by GRACE MOEN – Content Writer for Health 2.0 covering news, trends, and reflections.
Smoking, drinking, sugar, salt, sleeping next to your iPhone, caffeine, gluten, meat, eating before bed, sitting all day, parabens, microwaving plastic, drug use, sun exposure… the list of no-nos goes on. We’ve all more or less agreed that we shouldn’t engage in these unhealthy habits. And there is certainly enough science and data to underscore their potential harm. I’d like to point out though, that these examples also share an element of agency and free choice. What isn’t free choice however are the myriad of social determinants that dictate the level and quality of care you receive from the formal healthcare system. Social determinants of health include, but are not limited to, access to education, transportation, safety, and healthy food. All you have to do is take MUNI through San Francisco’s Bayview neighborhood to see this in action: children consuming donuts and soda for breakfast while your heart sinks and hopes that this diabetes-inducing diet won’t completely hijack their chances of success in the world.
The US spends more on healthcare and less on social services than any other developed nation globally. I want to let that sink in for a moment: more on healthcare, less on social services…! That’s a pretty privileged model, and one that frankly isn’t working. The US also has some of the lowest quality of care globally. I believe this approach is backwards and is a reflection of the value systems that dictate treatment protocols and how we deliver care. One might be led to wonder how effective the model really is. Especially considering our friends in the UK or the Netherlands spend less and have healthier markers in every social determinants category (The Commonwealth Fund). There are some specific gaps we can identify, so let’s look at a few…
Gap One: Medical School
Is it the patient’s responsibility to provide details around their housing conditions, how many buses they took to the hospital, their diet yesterday, air quality at work? Or perhaps might a doctor make these contextual details a priority by asking directly? By skipping the conversation, doctors are missing a critical narrative that often points to underlying causes of sickness or discomfort. It would behoove all of us for this dialogue to be strengthened and during medical school is a huge opportunity to do so. Even amongst top medical institutions, UCLA specifically, curriculum around the social determinants of health wasn’t introduced until 2016. Physicians are slowly but surely being trained on the signs to look for and the resources to offer, which is a better-late-than-never start. On a systemic level though, it is taking an inordinately long time to apply comprehensive solutions. And in the meantime, we’re missing people. Organizations like the World Health Organization as well as the US Census Bureau are filling in the gaps by providing services and education where traditional medical school hasn’t.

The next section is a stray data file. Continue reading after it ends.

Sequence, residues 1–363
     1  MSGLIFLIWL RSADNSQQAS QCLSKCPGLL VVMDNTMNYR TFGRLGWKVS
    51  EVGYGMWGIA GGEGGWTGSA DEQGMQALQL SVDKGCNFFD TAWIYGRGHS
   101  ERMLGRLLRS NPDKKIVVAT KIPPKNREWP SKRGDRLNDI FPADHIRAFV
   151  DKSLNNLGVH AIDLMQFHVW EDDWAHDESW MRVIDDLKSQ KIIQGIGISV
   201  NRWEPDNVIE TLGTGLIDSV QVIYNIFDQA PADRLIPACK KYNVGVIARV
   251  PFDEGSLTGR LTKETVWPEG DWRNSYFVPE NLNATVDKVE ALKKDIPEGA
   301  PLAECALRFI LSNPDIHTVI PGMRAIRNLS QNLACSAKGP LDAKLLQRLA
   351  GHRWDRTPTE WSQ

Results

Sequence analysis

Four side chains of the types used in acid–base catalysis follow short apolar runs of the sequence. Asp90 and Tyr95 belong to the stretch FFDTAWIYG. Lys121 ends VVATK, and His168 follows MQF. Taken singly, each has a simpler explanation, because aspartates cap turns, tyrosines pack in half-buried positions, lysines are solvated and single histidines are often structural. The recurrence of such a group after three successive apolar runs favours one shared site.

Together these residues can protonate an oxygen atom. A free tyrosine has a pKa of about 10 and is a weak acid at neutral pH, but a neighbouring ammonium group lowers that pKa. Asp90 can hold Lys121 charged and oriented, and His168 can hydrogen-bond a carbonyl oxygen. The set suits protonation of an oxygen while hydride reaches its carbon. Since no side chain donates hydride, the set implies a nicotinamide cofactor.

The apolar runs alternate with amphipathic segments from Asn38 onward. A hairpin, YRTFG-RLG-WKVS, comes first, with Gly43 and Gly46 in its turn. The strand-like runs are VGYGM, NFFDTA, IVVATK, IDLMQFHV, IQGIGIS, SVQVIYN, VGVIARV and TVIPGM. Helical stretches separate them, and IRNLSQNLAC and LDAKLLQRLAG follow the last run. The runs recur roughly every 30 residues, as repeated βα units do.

Gap Two: Demand
A staggering number of people wish their doctor would initiate the conversation on this subject. A whopping 86% in fact believe that their providers should “look beyond their pure medical needs in order to find underlying causes of their health issues” (according to The Physicians Foundation survey courtesy of our friend Jane Sarasohn-Kahn). Not only do patients want to have these conversations but physicians do too. 83% agree that social determinants have significant impact on patient outcomes, and 80% of physicians believe that unfortunately they don’t have the resources or staff to address this. Furthermore, 64% believe that they simply don’t have the time to have these conversations during a routine consultation, especially when the average visit is a paltry 15 minutes long.
What would happen if we flipped the model, to address social determinants first as a means of triage? Would it reduce costs and lighten the load on care delivery, on cost, on rates of emergency room visits, on the prevalence of chronic illness, across the whole system? Staten Island Performing Provider System thinks so. They have built a wide network of providers and social services that work together to triage and guide patients towards the best resources. Their model is proactive rather than reactive and the results they’re seeing underscore it’s success: a 25% reduction in avoidable emergency room visits in just three years. Let’s all take a page out of their book as we look to the future.
If you’re at HIMSS this coming week in Las Vegas and want to hear more on this subject, go to Indu Subiaya’s Keynote keynote presentation. Her talk, Health Happens Everywhere, will take place on Monday March 5th at 3:15pm in Galileo 901 at the Venetian. See you there!